Novak Djokovic and Rafael Nadal have formed arguably one of tennis' greatest ever rivalries on-court, and it seems as though they aren't the best of friends off it either.
Both men have reached a second week at Roland Garros and many will hope that the pair will meet in another epic final.
If they do meet in the Paris showdown on Sunday, the handshakes before and after the contest for the cameras won't necessarily have any deeper meaning.
Djokovic has admitted that the level of competition between him and the Spaniard makes it difficult for the ultra-talented duo to get along.
"Nadal and I have always respected each other," he said to Marca.com after booking his place in the quarter-finals.
"We always meet up in the most important tournaments' finals but we always speak well the one of the other and that is a good thing.
"Above all, we are people, human beings and we should have that clear in our heads. Obviously, we can't be best of friends. We aren't, but it's important to respect and understand each other"
With the stakes so high in the sport, it must be difficult a certain level of friendship. But there are no indications that their relationship is sour, like so many rivalries across the history of sport.
The two are currently locked in battle as they bid to reign the clay Grand Slam.
Nadal is no stranger to success in Paris. His tag of the 'King of Clay' was afforded him following the sheer weight of triumph that the world no.1 has tasted in his career. No man has ever won nine titles at Roland Garros, and the 27-year-old is closing-in on the record.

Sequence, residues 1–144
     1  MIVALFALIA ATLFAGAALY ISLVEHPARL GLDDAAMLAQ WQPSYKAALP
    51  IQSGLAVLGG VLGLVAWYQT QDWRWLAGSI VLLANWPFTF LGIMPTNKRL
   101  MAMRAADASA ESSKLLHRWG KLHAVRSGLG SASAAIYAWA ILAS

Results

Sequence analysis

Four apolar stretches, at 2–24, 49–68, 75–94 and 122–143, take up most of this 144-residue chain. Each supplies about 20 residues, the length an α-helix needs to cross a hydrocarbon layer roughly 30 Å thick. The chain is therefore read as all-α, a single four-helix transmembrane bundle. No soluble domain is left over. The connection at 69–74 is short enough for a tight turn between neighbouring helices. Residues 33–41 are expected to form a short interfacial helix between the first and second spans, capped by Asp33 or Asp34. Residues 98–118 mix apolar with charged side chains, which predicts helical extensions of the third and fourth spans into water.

The Majorcan-born star can also match Pete Sampras' major haul of 14 with one more final victory, in that instance, only Roger Federer - who was knocked out yesterday - on 17 titles would be left to surpass.
Djokovic, meanwhile, despite his clay credentials, has been forced to live in the Spaniard's shadow, though he is close to emerging as the bright light this time around. None of the world no.2's six Grand Slam titles have come on the French dirt and he will be desperate to end that hoodoo. A final loss in 2012 against his rival is as good as it has got.
Many believe that the Serbian star will finally achieve his Career Slam following his run of stellar form. Before an arm injury he won at both Indian Wells and Miami, and after pulling out of the Madrid Open, the former world no.1 marked his return with glory at the Rome Masters.
Djokovic beat the fans favourite Jo-Wilfried Tsonga with apparent ease to reach the last eight yesterday, and Nadal can join him if he beats another Serbian star, Dusan Lajovic, today.
Even though the 26-year-old believes his rival will secure a ninth Roland Garros gong this year, he also enjoys their great rivalry: "The big favourite here in Paris is Nadal, who has already won it eight times," he continued.
"It's nice to form a part of history with Rafa, who I consider one of the best tennis players of all time"
The action at the French Open continues today.
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